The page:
Fox Sports Nets Get Super Social With MLB Coverage

The emphasis on social media during the average sports telecast has grown exponentially in recent years as networks look to capitalize on the buzz created by fans on Twitter, Facebook, and other social media. This year, all 15 Fox Sports regional sports networks will take this effort to the next level at MLB ballparks across the country, with several of them integrating a dedicated social-media reporter and/or producer into their live coverage.

“We really want to get fans to interact with the broadcast,” say Michael Connelly, SVP/executive producer, Fox Sports Net. “We want to be able to integrate what fans have to say into the broadcast easily and quickly. Through the Tweets and social media, we will look for trends from the audience and then integrate that into the broadcast. That is going to be one of our biggest focuses this year.”

More Than Just Tweeting
The concept of a social-media reporter is not new to FSN. Fox Sports Arizona deploys a social-media sideline reporter during Phoenix Suns home games, and various Fox RSNs utilized Laura McKeeman to report on social-media activity during the Pac-12 basketball tournament earlier this month.

In addition to on-air talent, FSN will further integrate its Game Connect second-screen offering into the linear telecast. Besides offering in-depth statistics and a visual game-tracker, Game Connect allows fans to interact via Twitter directly from the site. The site then creates graphical representations of this social activity, such as “Image Cloud” and “Most Talked About.”

These Tweets and visual representations will be fed directly to the the production truck, where the social media producer will select which elements will make air. All 15 RSNs will have a social media producer on hand, but only Fox Sports South currently deploys an on-air social media reporter (though FSN’s intention is to roll this out to other markets as the season progresses).

“A few of the regions will put social-media reporters on-site, and a few are just going to use producers to integrate the content into the broadcast,” says Connelly. “We are going to try to figure out which one works best and then try to follow that across all of our networks.”

Making Regional Look National
Although social media will play a major role for Fox Sports Nets throughout the summer season, the meat-and-potatoes of its MLB coverage still lies in its robust production model, which aims to treat every regular-season game as if it were a national telecast.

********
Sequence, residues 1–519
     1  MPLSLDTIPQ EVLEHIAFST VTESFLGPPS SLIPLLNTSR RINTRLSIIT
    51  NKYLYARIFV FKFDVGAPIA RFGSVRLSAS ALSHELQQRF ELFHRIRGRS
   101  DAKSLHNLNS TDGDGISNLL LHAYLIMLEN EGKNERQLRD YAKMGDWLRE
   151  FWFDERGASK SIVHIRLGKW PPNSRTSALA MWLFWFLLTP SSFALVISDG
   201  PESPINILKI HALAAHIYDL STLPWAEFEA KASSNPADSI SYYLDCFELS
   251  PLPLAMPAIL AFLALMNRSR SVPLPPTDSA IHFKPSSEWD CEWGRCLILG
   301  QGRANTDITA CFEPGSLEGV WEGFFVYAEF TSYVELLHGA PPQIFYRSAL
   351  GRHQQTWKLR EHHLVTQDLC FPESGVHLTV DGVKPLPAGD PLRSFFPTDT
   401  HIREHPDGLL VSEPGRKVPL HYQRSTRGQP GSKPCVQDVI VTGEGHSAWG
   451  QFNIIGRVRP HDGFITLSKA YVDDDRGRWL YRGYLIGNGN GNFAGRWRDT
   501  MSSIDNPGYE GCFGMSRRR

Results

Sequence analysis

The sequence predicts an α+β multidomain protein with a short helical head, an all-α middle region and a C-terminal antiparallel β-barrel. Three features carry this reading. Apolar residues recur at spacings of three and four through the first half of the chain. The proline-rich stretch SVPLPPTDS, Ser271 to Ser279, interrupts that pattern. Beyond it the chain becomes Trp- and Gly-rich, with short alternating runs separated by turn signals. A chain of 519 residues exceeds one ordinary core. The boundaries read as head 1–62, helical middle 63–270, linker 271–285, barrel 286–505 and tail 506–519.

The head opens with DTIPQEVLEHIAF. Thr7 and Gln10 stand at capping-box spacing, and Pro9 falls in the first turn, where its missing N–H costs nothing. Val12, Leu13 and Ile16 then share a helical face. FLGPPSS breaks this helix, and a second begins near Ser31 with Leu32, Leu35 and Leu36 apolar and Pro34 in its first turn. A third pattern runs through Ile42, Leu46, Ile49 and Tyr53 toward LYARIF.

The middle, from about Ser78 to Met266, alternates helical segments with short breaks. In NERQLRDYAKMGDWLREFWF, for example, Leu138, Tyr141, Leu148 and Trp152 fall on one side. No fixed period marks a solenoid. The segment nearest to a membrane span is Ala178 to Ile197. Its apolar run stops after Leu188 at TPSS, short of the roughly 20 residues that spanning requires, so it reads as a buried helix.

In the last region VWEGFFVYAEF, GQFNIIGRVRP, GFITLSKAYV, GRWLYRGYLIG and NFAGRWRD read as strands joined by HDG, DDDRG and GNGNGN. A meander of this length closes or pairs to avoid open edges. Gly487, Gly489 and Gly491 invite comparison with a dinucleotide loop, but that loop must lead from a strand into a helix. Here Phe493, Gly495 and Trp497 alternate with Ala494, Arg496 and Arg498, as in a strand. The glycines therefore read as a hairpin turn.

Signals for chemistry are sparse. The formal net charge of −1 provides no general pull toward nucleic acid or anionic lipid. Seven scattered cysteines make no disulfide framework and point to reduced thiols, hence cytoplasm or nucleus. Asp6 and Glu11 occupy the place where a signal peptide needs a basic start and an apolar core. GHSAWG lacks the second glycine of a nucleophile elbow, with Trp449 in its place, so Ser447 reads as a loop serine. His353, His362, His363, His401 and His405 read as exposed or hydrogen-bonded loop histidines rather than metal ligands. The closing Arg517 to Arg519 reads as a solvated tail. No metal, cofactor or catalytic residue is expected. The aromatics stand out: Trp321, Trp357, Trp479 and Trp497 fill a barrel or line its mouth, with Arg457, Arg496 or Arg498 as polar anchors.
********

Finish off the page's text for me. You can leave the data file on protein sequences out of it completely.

Fox Sports Nets’ MLB productions deploy eight or nine cameras for game coverage and 15 total when ancillary cameras for shoulder programming are taken into account. Every market is equipped with one ultra-slo-mo high-speed camera (branded as Fox-Mo) as well as robotic cameras. Several RSNs, including Arizona and the newly launched San Diego network, also use an RF camera in the stands to add an in-stadium feel to the telecast.

In addition, Fox Sports RSNs will bring back its FoxTrax pitch tracking system. This year, system (based on Sportvision’s PITCHf/x technology) will not be used live but rather as an analytical tool to provide a deeper look at batters’ “hot and cold” zones as well pitchers’ tendencies and patterns.

“We’ve really tried to build our home shows up to be as big as any network show,” says Connelly. “We can also provide those same features to our visiting brothers that are coming into town.”

The element of brotherhood with visiting RSNs is made possible by FSN’s use of Mobile TV Group dual-feed production trucks in every single Fox home market. By producing both feeds out of a single mobile unit, both RSNs save money and boost production quality by sharing the hometown resources.

“The idea with the dual-feed [model] is to combine as many of the cameras and bells and whistles as you can on a show and offer them to both feeds,” says Connelly. “Instead of having two five-to-six camera shows, you can have a 15-camera show that everyone can take off of.”

On the Shoulders of On-Site Studios
FSN will also focus on expanding shoulder programming this year by establishing an on-site studio for pre- and post-game shows at every ballpark by the end of this season. Each set will be designed to promote the Fox Sports brand rather than the local branding these studios have had in the past.

The model of this new on-site studio look will be derived from San Diego’s newly installed set at Petco Park, which sits near the Tony Gwynn statue in “The Park at the Park” just beyond center field.

“What you see in San Diego will be the model of what you will eventually see on all networks,” says Connelly. “We don’t want to produce an event; we want to create a full night of programming. We believe this [on-site studio] is a major step in achieving that.”

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